CMU is also looking to the future, considering how it might adapt Scout for the fall, when many students will be vaccinated, and if they can use their new tools to slow the spread of other infectious diseases, such as influenza. “We were in touch with Fathom a few days ago dreaming about what the long game was like,” said Dr Bronson.
With the graduation ceremony scheduled for this weekend, Mr. Marshall, the future president of CMU, is delighted with how the past year has unfolded. “I consider it a success and not a small success,” he said. “I think we will consider this year as one of those defining moments for our university.” Yes, they had cases of Covid-19, he said, but they also had 881 freshmen who were the first in their families to go to college – who could in fact go to college.
“It was never a question of how to stop a virus?” Mr. Marshall said. Instead, he says, the challenge was, “How are you handling life while dealing with a pandemic?” And in that regard, I would say we did a job as hard as anybody else.
Lucas Torres, a biology major who graduated on Saturday, was initially nervous about returning to CMU during a deadly pandemic. And it had turned out to be an extremely difficult year for him: During the winter break, he and several members of his family had all had Covid-19. Her mother developed pneumonia and her grandmother died of the disease.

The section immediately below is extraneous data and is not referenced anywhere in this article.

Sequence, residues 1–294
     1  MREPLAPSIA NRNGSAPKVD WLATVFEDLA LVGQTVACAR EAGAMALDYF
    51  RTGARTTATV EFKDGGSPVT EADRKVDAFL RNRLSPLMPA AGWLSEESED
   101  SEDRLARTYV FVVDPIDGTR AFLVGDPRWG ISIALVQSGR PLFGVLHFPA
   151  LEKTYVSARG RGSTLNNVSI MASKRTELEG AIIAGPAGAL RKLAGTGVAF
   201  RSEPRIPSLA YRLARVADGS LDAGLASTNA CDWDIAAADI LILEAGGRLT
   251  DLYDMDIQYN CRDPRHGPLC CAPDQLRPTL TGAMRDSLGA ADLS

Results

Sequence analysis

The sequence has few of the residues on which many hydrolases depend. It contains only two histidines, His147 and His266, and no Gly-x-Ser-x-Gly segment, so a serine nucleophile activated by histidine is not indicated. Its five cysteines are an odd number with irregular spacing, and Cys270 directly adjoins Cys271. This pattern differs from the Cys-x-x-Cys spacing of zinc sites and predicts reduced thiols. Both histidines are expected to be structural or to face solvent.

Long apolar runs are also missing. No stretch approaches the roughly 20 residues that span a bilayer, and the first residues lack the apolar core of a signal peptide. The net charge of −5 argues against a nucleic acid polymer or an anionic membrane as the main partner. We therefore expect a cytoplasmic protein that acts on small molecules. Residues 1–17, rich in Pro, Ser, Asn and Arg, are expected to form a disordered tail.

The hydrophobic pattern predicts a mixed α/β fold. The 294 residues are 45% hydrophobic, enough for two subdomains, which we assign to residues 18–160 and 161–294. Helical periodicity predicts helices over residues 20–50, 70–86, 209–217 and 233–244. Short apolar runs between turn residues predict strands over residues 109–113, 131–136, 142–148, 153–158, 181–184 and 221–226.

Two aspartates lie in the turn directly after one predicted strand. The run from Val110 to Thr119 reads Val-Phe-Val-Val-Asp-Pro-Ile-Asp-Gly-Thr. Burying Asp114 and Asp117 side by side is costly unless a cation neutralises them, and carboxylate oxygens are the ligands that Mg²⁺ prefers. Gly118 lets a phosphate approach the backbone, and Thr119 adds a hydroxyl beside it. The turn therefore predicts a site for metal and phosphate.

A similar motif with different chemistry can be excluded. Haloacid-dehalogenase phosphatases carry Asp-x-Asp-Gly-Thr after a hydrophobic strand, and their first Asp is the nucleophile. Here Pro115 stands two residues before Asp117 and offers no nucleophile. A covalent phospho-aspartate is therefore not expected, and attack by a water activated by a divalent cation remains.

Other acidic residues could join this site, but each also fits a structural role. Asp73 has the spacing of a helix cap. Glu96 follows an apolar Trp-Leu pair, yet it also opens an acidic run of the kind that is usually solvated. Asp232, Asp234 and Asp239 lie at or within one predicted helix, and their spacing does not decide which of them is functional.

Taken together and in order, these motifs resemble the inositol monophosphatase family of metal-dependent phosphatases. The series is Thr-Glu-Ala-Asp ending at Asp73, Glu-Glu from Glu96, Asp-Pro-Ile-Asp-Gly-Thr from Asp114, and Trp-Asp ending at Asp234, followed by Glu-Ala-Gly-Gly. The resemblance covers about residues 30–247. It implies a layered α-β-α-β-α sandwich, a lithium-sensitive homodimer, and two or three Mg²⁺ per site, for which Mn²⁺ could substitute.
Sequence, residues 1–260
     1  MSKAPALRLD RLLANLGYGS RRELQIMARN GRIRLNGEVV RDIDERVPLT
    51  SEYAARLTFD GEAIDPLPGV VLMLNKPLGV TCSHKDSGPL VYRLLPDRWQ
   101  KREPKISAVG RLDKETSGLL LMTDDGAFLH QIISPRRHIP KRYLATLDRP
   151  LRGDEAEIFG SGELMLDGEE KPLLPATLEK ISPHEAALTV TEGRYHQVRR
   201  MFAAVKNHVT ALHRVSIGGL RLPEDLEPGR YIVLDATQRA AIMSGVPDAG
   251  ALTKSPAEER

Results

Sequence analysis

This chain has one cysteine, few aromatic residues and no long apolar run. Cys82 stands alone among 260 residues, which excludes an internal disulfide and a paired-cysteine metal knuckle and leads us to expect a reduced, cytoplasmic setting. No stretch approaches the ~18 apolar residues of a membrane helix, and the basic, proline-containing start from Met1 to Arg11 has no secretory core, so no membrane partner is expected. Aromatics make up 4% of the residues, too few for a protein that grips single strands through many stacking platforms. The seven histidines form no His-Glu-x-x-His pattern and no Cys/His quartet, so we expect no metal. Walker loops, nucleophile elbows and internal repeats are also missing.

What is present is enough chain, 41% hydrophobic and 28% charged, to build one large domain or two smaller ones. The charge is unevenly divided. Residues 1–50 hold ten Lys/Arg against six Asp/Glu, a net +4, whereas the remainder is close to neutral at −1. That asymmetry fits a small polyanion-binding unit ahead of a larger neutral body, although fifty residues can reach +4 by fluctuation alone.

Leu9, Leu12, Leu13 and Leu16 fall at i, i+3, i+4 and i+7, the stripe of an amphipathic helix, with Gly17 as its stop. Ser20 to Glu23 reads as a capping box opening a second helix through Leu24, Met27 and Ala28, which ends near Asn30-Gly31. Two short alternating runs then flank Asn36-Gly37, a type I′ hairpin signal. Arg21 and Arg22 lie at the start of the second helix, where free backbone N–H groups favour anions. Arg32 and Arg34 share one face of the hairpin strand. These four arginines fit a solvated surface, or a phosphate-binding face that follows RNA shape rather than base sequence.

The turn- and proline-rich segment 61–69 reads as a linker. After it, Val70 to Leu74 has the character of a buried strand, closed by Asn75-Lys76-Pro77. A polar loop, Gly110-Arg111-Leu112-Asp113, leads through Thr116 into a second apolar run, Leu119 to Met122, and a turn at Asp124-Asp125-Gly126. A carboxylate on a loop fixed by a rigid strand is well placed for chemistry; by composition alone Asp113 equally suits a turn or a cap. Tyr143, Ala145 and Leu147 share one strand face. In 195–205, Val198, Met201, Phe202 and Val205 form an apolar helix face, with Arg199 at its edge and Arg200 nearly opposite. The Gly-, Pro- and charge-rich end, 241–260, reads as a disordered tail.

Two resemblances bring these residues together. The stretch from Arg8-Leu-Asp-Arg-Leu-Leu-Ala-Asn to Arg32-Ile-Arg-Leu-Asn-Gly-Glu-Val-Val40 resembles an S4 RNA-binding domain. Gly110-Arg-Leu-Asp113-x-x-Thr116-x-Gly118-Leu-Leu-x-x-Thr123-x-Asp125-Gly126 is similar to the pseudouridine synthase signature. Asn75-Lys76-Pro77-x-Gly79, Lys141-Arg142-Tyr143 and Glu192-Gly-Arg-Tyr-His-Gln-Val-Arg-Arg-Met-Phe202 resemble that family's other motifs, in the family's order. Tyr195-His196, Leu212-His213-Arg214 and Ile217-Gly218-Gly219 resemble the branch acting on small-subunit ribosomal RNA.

The school had turned out to be a bright spot. Mr Torres was “inspired” by CMU’s response, he said: “It gave students a purpose. There was a responsibility, a shared responsibility that came back to the campus.
Shortly after recovering from Covid-19, he proposed to his girlfriend. (She said yes.) He’s about to take his EMT certification exam and hopes to go to medical school.
“I was able to make the most of my time at CMU, and I’m glad they made it possible,” said Torres. “Even though it wasn’t the same as if it wasn’t Covid, it was better than staying at home in front of a screen.”